How to Hand in Your Notice

11th July 2022, Tara McManus

After the trials and tribulations of finding a new job comes yet another hurdle to face:

handing in your notice.

Letting your boss know that you are leaving can be extremely difficult, but ultimately may be the right decision.

This article will guide you through handing in your resignation, from letter to notice period!

As a rule of thumb we don’t recommend you hand your notice in until you have received a contract from your new employers. This allows you to make sure you are 100% happy with what your new job can offer.

Once you have your contract and are happy with the conditions, then it’s time to start the process of handing in your notice!

Write a letter of resignation.

Although it might seem easier to call your boss and verbally tell them you’re leaving, it can create more issues and indiscretions. Writing out a letter provides clarity.

A resignation letter aims to do three things:

  1. Inform your employer that you are leaving.
  2. Remind them of your notice period and the last date you will be working.
  3. Thank them for your time at the company.

The following format could be used:


Dear [Boss’s Name], 

I am writing this letter to inform you I am handing in my notice and will be completing my notice period, finishing on the [Date].  

I would like to extend my thanks for the time I have spent at this company and wish you all the best for the future. 

Kind regards, 



If you’re close to your boss then you might want to tell them your reason for leaving. But you don’t legally have to reveal anything! Try to avoid burning any bridges in case you need references in the future. If they wish to do an exit interview and ask what could be done better, it might be best to give wider constructive criticism rather than focusing on individuals. This can create bad blood and could affect future references.

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Meet with your boss

Once you have written your letter it’s time to get in touch with your boss and hand in your notice. In-person meetings are usually better, but in the aftermath of the pandemic it might not be possible. If you need to create a video meeting and have your letter ready to attach. Always make sure your boss is the first to know that you’re leaving, as tempting as it might be to tell your work friends. This avoids any bad feelings.

It’s important to be prepared for any circumstance- this includes a negative response to your resignation. If they’re unhappy about your decision to leave remember to remain calm. Avoid an argument where possible, you don’t want to cause a scene. If you have serious issues you want to discuss try to do so rationally. They might use any anger or excessive emotion to undermine your complaints!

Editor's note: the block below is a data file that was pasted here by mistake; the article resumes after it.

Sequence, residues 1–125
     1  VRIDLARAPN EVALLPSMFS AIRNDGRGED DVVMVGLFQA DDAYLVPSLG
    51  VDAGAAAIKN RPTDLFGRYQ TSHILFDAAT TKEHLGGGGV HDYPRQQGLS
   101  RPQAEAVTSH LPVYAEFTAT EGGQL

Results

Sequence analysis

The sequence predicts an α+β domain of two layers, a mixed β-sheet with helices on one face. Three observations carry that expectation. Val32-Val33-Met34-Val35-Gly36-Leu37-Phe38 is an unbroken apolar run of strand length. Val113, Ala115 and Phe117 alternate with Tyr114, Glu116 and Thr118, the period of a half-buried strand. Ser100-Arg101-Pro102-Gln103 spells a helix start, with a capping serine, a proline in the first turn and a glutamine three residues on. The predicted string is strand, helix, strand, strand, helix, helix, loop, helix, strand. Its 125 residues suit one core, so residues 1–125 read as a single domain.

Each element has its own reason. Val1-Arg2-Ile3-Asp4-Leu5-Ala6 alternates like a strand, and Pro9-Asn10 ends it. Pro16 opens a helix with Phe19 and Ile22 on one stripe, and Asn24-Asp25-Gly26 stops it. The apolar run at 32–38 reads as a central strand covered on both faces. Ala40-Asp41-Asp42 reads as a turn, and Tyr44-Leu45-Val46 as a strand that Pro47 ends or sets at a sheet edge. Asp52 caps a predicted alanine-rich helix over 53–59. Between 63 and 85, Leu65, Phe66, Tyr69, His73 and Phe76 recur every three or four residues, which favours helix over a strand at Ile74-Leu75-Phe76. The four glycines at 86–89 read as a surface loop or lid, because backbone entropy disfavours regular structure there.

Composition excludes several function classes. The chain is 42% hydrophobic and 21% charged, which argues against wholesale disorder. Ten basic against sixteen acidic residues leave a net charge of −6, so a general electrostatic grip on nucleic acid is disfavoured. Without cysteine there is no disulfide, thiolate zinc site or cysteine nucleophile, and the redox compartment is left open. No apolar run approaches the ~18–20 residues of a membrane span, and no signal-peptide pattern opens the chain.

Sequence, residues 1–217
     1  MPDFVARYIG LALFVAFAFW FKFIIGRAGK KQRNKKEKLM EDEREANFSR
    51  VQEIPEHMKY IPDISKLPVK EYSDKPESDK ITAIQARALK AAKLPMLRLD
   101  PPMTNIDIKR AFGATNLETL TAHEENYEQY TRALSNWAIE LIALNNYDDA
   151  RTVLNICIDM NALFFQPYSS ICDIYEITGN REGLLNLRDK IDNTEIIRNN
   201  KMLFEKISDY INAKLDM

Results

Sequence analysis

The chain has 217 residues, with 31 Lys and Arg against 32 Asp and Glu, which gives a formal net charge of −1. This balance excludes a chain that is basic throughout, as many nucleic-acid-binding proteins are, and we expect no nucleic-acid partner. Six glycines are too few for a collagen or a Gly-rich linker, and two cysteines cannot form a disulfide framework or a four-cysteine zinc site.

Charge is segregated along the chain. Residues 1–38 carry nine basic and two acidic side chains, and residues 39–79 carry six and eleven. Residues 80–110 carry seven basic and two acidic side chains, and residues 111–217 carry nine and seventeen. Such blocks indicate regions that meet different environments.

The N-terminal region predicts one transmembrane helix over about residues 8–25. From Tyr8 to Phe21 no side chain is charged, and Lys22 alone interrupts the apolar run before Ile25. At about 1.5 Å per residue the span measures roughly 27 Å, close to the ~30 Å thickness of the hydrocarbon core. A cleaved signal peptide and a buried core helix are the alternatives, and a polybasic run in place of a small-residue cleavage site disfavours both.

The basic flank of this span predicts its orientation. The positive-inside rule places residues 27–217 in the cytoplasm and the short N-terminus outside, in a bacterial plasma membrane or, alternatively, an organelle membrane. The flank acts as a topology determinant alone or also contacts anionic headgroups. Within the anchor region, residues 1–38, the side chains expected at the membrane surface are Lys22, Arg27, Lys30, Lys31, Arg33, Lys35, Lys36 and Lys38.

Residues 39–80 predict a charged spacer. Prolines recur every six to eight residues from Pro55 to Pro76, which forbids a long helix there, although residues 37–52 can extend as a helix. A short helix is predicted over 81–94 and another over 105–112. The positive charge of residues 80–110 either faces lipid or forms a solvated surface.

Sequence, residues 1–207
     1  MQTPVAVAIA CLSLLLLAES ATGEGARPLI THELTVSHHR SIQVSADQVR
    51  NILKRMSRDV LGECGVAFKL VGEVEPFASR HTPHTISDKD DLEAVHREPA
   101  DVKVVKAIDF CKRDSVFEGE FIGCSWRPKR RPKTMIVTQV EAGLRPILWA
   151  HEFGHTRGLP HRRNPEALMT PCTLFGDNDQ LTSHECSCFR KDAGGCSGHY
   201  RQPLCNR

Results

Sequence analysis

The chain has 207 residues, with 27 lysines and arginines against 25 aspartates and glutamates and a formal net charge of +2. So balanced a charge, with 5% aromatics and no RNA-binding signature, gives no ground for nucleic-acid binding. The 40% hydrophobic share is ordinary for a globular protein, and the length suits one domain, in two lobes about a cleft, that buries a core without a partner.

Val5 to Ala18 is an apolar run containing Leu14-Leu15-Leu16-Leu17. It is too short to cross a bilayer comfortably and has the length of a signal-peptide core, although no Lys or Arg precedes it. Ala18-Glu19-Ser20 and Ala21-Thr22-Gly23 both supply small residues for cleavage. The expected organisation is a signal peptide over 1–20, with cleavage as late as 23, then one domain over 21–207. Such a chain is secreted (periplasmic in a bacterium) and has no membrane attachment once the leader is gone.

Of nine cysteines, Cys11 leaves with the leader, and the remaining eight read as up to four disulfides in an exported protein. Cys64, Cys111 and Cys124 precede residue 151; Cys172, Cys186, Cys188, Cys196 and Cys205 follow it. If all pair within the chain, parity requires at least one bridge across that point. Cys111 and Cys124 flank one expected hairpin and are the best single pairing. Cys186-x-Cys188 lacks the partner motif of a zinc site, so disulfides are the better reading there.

Counter Offer

If your boss doesn’t want to see you go they might counter-offer. This is where they offer you more money or promotion to ensure you stay. It is your choice whether you accept this, but try to remember why you wanted to leave in the first place. Ask yourself, is it worth staying, or will you regret letting your new opportunity go? According to findings an astounding 80% of people who accept a counter-offer end up leaving within 6 months, with 90% leaving after 12 months.

If you’re 100% sure you want to leave then remain firm in your stance and politely decline their offer but thank them for their time.

Notice Period

Your notice period is usually agreed upon in your contract but you may be able to discuss this with your employer during the meeting. It’s always helpful to know what your maximum notice period is so you can let your new employer know a time frame to help them work out a start date.

Sometimes your boss will ask you to leave immediately, but you are entitled to be paid for your notice period regardless. If you are asked to work the notice period do so with pride. Avoid slacking off as it can damage your reputation! You never know who you might run into at a future company.

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Tell your work colleagues

After you’ve told your boss about your intentions to leave, ask if you can tell your colleagues the news. If you work in a large office it might be easier to write an email and send it to everyone. Otherwise, you might be able to do this personally. This is a great way to avoid office gossip and strengthen any work relationships for the future.


Once you’ve completed your notice it’s time for your last day. You can hand over any equipment and receive any documents you may need. Then you can say goodbye, and say hello to your new job!

Connectment provides advice throughout your consultation, this includes helping you hand in your notice. If you are counter-offered and struggling to make a decision, they can give an insight using their years of experience! Get in touch today to see what we can do, for you! 


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Connectment Ltd is a consultancy-based recruitment company based in the North East, operating globally. Our reputation is based on proven results, as we are dedicated to providing our clients and candidates with the best possible service. If you are interested in working with us, get in touch today.

Connectment, connecting you to success.